MIT researchers have developed a new motion-sensing 3D printed metamaterial

3D printing news
Researchers from the Massachusetts Institute of Technology (MIT) have developed a new method of 3D printing objects that can sense user interaction.
The novelty here is that the objects are 3D printed from a single piece of material (or metamaterial, more precisely), with electrode sensors integrated into the material structure itself. As such, the printed structures are able to detect various changes in state, including applied forces and rotations.
The team believes its approach could have applications in a whole host of custom input devices such as joysticks, switches, and handheld controllers. Taking it a step further, the sensing metamaterial can even be incorporated into more complex intelligent environments such as a couch capable of detecting the user’s body, which might collect data for posture correction analysis later on. Certain actions might even be mapped to functions like turning on a light or the TV.
Jun Gong, co-lead author of the study, said, “Metamaterials can support different mechanical functionalities. But if we create a metamaterial door handle, can we also know that the door handle is being rotated, and if so, by how many degrees? If you have special sensing requirements, our work enables you to customize a mechanism to meet your needs.”


The copper-colored capacitive sensing electrodes integrated into this 3D printed metamaterial mechanism are used to sense compression. GIF via MIT.
How does the 3D printed metamaterial work?
The MIT metamaterial is made up of a grid of repeating cells, most of which are flexible, meaning they can extend and compress. It also contains ‘conductive shear cells’, which have two opposing walls made of a conductive filament and two walls made of a non-conductive filament. The conductive walls are what act as the sensing electrodes.
When a force is applied to the structure, the conductive shear cells either expand or compress, changing the distance between the conductive walls. Using capacitative sensing, these distance changes can be measured and mapped to certain forces, directions, rotations, and accelerations. For example, the movement of a joystick handle (and the subsequent flexures) might be mapped to left, right, up, and down.
A product designer could extend this idea to prototype a custom joystick shape for people with limited mobility or grip strength, or create a unique flexible music controller and connect it to a digital synthesizer. Since the metamaterial is designed for 3D printing, rapid design iterations would also be easy to produce, significantly streamlining the development cycle.


The metamaterial is made up of rows of repeated cells, with conductive walls acting as the electrodes. Photo via MIT.
MetaSense, a 3D editor
To complement the 3D printing approach, the MIT team has also developed a purpose-built 3D editor called MetaSense. Intended as a CAD software for the metamaterial, MetaSense allows users to either manually place the conductive shear cells or automatically integrate sensing into the design in optimal locations.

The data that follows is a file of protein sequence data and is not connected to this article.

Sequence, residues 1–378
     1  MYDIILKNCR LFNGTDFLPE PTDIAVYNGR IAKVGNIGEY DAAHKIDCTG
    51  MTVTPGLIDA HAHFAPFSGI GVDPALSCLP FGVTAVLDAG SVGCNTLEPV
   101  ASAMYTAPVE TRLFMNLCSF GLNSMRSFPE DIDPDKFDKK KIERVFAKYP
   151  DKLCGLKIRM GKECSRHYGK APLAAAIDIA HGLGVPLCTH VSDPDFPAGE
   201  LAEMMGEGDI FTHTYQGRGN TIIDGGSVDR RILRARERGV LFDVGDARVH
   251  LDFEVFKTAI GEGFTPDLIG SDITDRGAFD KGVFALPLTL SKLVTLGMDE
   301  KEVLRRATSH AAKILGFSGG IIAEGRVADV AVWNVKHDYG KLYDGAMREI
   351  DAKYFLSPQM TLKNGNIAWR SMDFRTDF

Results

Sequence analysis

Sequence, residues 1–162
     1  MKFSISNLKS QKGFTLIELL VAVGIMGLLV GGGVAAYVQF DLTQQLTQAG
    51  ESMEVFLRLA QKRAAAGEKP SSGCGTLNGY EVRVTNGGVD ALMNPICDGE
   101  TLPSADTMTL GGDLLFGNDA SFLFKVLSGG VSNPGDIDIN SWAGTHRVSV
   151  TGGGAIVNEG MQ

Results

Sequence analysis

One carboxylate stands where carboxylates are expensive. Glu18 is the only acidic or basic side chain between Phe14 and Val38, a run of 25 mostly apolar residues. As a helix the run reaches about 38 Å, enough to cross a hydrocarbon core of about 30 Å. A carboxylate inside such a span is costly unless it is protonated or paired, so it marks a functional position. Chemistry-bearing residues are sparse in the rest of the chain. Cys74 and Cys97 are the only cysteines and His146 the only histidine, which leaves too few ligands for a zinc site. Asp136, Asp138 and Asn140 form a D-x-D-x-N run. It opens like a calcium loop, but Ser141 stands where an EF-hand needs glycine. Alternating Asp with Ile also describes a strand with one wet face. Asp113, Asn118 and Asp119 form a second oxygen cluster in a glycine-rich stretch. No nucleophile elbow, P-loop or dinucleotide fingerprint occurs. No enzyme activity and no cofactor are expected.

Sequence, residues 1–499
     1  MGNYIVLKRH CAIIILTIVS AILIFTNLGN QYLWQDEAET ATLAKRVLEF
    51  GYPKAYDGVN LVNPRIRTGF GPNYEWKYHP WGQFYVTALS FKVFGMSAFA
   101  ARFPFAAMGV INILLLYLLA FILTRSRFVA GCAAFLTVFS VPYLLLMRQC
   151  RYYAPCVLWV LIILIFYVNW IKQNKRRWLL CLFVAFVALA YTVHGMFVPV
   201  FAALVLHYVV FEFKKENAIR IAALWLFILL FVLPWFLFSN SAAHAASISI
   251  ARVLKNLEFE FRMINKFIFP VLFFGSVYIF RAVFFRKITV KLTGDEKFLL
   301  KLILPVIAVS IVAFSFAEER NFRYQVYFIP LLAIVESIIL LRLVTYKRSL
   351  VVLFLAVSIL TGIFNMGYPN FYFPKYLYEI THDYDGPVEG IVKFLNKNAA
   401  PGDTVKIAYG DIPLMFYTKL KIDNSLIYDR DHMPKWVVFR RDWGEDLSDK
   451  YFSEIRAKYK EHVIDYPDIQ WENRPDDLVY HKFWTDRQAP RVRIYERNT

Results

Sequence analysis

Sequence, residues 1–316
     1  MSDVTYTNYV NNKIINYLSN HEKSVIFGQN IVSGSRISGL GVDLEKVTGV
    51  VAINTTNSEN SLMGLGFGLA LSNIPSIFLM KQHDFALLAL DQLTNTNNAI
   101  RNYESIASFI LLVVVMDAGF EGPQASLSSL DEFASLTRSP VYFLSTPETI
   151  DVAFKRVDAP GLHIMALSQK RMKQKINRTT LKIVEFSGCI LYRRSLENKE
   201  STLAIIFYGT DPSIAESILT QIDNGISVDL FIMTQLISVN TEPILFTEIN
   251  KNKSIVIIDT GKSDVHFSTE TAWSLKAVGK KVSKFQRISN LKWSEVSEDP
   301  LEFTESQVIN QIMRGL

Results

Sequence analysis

Gong explains, “The tool will simulate how the object will be deformed when different forces are applied, and then use this simulated deformation to calculate which cells have the maximum distance change. The cells that change the most are the optimal candidates to be conductive shear cells.”
Although MetaSense is designed to be as simple as possible, the complex nature of the metamaterial requires a lot of parameter-tuning to complete a successful build. Gong’s team plans to continually improve the software’s algorithms to enable more sophisticated simulations, facilitating devices with hundreds or thousands of conductive shear cells.
Further details of the study can be found in the paper titled ‘MetaSense: Integrating Sensing Capabilities into Mechanical Metamaterial’. It is co-authored by Jun Gong, Stefanie Mueller, et al.

Additive manufacturing’s extensive material compatibility lends itself quite well to sensor device applications. Earlier this summer, scientists from South Korea’s Daegu Gyeongbuk Institute of Science and Technology (DGIST) developed low-cost multi-directional pressure sensors using 3D printed conductive polymer composites as their building blocks. The sensors are designed to overcome the current limitations of 3D printed sensors, which include the ability to only sense applied forces along a single direction.
Elsewhere, scientists based in Asia recently collaborated to develop a set of novel 3D printed sensors that could be used as a basis for the ‘smart beds’ of the future. Using an FDM 3D printer and PLA, the researchers managed to produce Fiber Bragg Grating (FBG)-based pressure sensors capable of tracking people’s sleeping patterns with a high degree of accuracy.
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Featured image shows the 3D printed metamaterial. Photo via MIT.


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